UPMC looks to rezone South Side hospital properties
A change from EMI to Urban Industrial will be sought
Last updated 6/19/2019 at 8:47pm
Benjamin Kelley, director of planning and development, Oxford Development Company, said rezoning is being sought for the hospital building, parking lot across the street, and the Roesch-Taylor medical building.
The reason is the current Education Medical Institutional (EMI) zoning district no longer applies.
Mr. Kelley said as medical uses have gone away it is difficult for the city to match it to the existing zone.
The hospital closed in 2009. A year ago, various services were relocated from the UPMC Mercy South Side Outpatient Center, such as surgery to UPMC Montefiore, ophthalmology to UPMC Mercy, and more. The goal is to move all clinical services out of the building.
Hundreds of information technology (IT) personnel and others will be moving into the building.
The Roesch-Taylor building is in need of much work, and is sparsely occupied; officials may look to reservice it.
Mr. Kelley said the plan is to rezone the properties to Urban Industrial (UI) to become uniform with the surroundings.
"This is a pretty standard thing," he said.
There will be a six-month application process with public hearings at the Planning Commission and city council. Mr. Kelley also said he would attend any South Side community meetings to answer questions.
The goal, he said, is for the hospital building to stay operational and in the community.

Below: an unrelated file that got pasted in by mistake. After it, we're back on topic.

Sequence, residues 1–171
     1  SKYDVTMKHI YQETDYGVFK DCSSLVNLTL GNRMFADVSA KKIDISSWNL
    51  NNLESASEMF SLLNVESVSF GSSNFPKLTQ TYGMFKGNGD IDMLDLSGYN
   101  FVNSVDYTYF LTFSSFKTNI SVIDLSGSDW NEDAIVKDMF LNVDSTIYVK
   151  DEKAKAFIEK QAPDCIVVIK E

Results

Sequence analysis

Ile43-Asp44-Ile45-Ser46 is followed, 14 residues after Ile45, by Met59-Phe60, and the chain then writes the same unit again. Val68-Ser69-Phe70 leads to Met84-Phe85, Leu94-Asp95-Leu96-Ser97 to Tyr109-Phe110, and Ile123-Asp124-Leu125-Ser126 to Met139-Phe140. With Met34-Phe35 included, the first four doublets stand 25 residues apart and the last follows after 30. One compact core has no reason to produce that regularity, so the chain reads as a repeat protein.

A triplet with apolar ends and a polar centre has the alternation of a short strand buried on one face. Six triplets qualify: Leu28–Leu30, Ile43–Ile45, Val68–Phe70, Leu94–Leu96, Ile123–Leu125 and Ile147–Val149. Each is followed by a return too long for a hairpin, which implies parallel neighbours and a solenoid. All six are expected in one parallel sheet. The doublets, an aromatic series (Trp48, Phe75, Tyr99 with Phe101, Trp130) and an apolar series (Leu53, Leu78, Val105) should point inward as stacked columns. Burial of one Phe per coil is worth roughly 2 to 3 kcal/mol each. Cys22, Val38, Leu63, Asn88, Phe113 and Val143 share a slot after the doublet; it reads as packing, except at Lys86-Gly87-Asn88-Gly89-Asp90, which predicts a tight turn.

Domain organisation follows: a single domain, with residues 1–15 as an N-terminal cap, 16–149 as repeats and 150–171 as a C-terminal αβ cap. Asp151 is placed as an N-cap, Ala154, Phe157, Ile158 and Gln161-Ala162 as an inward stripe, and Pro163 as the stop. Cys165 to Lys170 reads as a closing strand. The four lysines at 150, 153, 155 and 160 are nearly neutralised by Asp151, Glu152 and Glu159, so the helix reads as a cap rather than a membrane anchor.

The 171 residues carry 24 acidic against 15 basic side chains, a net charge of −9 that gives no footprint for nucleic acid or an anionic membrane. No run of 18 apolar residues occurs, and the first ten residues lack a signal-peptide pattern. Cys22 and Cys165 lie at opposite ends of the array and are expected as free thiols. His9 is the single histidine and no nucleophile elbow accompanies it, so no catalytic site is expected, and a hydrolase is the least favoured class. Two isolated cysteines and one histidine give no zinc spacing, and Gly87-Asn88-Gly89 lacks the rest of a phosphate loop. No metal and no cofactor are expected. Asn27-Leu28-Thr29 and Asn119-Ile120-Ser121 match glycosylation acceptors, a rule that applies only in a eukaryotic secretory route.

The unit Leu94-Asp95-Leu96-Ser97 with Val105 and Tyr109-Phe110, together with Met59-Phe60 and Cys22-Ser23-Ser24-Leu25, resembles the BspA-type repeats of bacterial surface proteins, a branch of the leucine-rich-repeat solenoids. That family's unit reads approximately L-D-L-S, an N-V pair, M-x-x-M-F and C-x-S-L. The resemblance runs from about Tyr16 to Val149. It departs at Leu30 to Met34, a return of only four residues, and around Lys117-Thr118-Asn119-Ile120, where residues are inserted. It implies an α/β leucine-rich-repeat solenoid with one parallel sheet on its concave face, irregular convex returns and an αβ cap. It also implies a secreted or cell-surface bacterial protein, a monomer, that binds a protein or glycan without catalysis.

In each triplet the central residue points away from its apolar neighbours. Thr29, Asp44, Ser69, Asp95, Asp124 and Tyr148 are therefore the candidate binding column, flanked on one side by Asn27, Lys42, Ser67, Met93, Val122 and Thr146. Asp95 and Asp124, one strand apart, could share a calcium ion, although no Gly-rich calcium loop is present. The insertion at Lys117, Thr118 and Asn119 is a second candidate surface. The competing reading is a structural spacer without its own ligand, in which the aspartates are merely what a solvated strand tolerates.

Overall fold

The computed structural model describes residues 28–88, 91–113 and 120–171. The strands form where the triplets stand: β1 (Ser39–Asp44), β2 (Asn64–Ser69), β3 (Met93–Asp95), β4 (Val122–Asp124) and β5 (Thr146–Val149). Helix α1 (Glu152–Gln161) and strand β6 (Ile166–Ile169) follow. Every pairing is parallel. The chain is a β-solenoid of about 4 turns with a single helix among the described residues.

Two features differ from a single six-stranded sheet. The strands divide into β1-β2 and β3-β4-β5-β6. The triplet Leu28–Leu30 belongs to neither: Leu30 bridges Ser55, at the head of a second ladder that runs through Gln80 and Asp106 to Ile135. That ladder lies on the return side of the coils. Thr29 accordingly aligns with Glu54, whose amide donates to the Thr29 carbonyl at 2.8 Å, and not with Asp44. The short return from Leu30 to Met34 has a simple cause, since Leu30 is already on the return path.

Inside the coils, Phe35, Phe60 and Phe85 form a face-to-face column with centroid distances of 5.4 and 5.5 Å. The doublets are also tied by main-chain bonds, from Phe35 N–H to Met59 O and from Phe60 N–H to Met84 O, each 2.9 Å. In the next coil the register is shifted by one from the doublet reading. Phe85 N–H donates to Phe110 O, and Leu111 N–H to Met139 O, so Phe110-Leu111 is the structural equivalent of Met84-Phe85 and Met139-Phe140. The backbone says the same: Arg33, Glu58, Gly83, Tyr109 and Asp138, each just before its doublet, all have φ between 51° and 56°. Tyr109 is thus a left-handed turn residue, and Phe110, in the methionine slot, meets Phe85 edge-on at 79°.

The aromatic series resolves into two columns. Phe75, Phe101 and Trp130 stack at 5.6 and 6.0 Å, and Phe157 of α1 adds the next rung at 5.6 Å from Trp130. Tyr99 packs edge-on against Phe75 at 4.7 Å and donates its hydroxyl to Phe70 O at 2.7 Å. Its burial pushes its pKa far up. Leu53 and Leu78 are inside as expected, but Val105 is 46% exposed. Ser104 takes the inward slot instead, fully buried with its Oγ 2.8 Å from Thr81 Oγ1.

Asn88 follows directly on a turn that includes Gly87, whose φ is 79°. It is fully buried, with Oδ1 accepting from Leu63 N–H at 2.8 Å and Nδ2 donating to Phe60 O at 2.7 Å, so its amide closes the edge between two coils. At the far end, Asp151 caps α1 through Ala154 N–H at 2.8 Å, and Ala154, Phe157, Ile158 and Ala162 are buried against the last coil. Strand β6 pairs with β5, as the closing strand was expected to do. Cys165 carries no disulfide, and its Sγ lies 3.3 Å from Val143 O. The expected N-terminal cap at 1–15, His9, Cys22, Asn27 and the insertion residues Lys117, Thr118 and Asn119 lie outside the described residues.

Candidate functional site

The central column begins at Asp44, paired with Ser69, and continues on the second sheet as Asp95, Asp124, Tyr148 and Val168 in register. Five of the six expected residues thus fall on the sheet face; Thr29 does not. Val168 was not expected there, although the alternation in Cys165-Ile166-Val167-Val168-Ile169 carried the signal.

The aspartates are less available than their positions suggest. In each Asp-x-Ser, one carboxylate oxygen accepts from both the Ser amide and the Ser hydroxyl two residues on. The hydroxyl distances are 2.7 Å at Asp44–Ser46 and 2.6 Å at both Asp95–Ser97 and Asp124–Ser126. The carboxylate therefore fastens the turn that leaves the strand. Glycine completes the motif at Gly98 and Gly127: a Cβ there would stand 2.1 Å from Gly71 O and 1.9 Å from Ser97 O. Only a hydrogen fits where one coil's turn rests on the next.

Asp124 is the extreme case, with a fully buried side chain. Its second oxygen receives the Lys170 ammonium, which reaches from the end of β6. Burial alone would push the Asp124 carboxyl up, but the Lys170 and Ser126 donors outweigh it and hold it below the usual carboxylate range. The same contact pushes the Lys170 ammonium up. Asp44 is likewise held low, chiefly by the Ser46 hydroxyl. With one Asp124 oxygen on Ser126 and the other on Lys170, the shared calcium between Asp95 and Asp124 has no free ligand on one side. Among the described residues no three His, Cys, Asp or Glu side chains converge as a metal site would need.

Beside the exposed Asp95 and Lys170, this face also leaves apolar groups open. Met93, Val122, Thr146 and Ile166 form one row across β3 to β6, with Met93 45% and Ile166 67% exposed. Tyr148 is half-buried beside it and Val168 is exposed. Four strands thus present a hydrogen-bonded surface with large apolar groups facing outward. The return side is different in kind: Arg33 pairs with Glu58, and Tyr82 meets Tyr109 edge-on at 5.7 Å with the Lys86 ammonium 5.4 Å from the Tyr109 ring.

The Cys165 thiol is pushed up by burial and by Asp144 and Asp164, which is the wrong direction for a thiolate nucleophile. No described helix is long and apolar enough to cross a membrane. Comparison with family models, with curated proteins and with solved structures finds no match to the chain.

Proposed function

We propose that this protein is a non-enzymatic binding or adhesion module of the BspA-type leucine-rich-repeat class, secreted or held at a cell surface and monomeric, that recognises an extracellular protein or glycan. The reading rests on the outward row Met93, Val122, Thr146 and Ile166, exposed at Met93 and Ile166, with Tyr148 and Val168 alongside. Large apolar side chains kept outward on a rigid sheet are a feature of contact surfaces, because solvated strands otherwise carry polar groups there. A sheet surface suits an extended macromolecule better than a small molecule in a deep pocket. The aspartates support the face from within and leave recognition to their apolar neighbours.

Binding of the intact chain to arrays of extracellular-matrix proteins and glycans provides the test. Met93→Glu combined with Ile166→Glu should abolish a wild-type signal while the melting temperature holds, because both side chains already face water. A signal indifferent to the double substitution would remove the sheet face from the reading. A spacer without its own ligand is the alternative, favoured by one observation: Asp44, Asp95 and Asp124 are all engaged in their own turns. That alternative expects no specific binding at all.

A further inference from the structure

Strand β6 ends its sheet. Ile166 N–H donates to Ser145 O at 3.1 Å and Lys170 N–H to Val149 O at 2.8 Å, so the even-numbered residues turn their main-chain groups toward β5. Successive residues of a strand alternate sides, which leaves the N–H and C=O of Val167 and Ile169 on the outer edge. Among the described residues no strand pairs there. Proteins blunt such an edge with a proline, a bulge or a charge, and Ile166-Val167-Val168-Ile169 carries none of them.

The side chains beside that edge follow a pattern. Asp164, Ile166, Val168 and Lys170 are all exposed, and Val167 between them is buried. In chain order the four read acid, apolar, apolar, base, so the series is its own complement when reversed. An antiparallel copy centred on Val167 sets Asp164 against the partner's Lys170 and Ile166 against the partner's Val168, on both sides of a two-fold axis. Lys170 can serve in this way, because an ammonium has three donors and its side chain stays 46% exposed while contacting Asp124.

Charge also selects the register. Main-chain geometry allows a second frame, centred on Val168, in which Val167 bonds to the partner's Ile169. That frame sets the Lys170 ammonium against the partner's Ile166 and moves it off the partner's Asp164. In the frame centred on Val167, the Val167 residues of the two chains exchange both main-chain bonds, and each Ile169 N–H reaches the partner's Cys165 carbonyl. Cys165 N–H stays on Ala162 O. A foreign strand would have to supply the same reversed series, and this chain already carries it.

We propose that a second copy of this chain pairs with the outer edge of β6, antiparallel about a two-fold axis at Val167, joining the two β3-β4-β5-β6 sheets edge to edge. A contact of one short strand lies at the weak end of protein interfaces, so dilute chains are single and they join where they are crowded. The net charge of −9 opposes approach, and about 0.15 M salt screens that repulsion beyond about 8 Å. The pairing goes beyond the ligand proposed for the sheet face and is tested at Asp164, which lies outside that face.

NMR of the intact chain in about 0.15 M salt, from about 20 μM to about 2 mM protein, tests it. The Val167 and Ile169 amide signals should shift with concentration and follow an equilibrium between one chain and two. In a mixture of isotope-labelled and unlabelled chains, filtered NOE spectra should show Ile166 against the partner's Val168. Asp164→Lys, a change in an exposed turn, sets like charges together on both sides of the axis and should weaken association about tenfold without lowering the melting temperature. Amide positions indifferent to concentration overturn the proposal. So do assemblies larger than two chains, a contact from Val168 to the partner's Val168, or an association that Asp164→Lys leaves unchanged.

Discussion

Following the presentation, city Councilman Bruce Kraus said he was happy "UPMC has been as cordial and engaged as they have been," and that 800 jobs had been saved.
"The zoning change is necessary to make all of this happen," he said.
Mr. Kraus and nighttime economy coordinator Allison Harnden then provided an update on the South Side Parking Enhancement District (PED), which is the enforcement of South Side Flats parking meters from 6 p.m. to midnight on Fridays and Saturdays, and which was created in 2017.
The revenue from the PED must be invested back in the neighborhood for public safety, cleanliness, and infrastructure improvements.
The gross revenue year-to-date is $88,618.45. The gross revenue since April, 2017 is $466,844.08.
Mr. Kraus said two things stood out for him in the May PED report: that weekend revenue is consistent at about $4,000 per week, and that the total since this began is close to half a million dollars.
"It appears to be going all as planned," he said. There were no expenditures in May.
Mr. Kraus said the city's current East Carson St. streetscaping project from 10th to 25th streets does not appear to be having an impact on weekend visitors/parking. But he will watch what happens with the PennDOT work as it will be more of a disruption.
That work -- the $12 million East Carson St. safety improvement project -- will extend from the Smithfield St. Bridge to 33rd St., and include resurfacing, upgrading intersections, ADA ramps and more.
He also reported that engineer Emily Jo Gaspich, P.E., of the city's Dept. of Mobility and Infrastructure (DOMI) - Streets Division, has accepted another job, and is no longer with the city.